August 2012
Volume 12, Issue 9
Free
Vision Sciences Society Annual Meeting Abstract  |   August 2012
The influence of stimulus duration on visual illusions and simple reaction time
Author Affiliations
  • Thorsten Plewan
    Cognitive Neurology Section, Institute of Neuroscience and Medicine – INM 3, Research Centre Jülich, Germany
  • Ralph Weidner
    Cognitive Neurology Section, Institute of Neuroscience and Medicine – INM 3, Research Centre Jülich, Germany
  • Gereon R. Fink
    Cognitive Neurology Section, Institute of Neuroscience and Medicine – INM 3, Research Centre Jülich, Germany\nDepartment of Neurology, University Hospital Cologne, Cologne University, Germany
Journal of Vision August 2012, Vol.12, 1079. doi:10.1167/12.9.1079
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      Thorsten Plewan, Ralph Weidner, Gereon R. Fink; The influence of stimulus duration on visual illusions and simple reaction time. Journal of Vision 2012;12(9):1079. doi: 10.1167/12.9.1079.

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      © ARVO (1962-2015); The Authors (2016-present)

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Abstract

Participants usually respond faster to larger objects as compared to smaller objects. In order to perceive an object’s size, the brain needs to integrate contextual information such as object distance, an effect elucidated by various visual illusions. Accordingly, the perceived size of identical objects can differentially be altered via depth cues that create differentially perceived object distances. Recently, it has been demonstrated that simple reaction times are modulated by the perceived rather than by the retinal size of an object. This indicates that responses are generated subsequent to distance and retinal size integration. However, the timing aspects of these integration processes are largely unclear. Therefore, the present study investigated the influence of stimulus duration on size - distance integration by means of a simple reaction time paradigm. In two experiments we verified the effect that reaction times are susceptible to a variant of the well known Ponzo illusion. In the first experiment, participants reacted faster to perceptually longer lines in front of an illusion inducing background, whereas no such effect was associated with a neutral background. Subsequently, the second experiment revealed that this effect depends on stimulus duration time. Durations shorter than 40 ms did not elicit the reaction time effect. Hence, the present findings indicate that the visual system requires a minimum visual input in order to integrate context and object information. Before this minimum input is available the system seems to rely on lower visual representations.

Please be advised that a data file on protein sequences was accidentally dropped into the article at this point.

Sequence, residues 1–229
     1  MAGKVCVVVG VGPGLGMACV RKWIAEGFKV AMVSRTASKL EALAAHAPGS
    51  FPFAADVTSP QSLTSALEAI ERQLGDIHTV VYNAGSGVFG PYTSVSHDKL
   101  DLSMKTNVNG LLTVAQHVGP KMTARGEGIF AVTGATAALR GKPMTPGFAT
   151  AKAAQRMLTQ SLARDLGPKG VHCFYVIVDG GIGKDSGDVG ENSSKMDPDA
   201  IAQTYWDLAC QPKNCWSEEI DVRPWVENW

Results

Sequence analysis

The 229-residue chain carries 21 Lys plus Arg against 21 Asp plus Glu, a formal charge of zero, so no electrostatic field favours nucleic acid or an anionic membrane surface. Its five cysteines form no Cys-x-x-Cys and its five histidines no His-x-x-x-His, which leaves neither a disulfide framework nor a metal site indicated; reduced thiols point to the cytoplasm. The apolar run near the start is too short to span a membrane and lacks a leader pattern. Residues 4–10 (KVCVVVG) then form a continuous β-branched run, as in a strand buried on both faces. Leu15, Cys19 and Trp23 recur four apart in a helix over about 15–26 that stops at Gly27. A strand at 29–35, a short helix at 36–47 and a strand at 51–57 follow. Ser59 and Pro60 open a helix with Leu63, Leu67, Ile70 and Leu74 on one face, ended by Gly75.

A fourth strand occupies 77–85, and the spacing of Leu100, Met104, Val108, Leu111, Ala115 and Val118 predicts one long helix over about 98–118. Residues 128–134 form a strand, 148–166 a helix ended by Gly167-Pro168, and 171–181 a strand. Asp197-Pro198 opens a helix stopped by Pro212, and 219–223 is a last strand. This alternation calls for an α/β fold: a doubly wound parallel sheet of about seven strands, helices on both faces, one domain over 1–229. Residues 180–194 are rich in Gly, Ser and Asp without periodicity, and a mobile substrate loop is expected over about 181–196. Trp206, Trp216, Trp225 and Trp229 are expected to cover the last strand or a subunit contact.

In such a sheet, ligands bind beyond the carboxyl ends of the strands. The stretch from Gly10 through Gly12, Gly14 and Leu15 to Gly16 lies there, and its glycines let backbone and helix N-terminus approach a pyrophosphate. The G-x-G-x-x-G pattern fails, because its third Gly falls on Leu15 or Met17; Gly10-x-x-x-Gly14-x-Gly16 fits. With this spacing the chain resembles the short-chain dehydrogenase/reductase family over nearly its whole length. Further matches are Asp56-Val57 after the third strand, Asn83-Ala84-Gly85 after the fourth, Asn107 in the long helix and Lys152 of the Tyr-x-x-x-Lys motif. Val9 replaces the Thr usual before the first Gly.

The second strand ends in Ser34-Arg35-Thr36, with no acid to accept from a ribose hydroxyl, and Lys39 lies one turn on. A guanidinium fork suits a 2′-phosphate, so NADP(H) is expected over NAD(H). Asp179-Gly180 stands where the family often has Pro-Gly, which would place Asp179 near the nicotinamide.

Meeting abstract presented at VSS 2012

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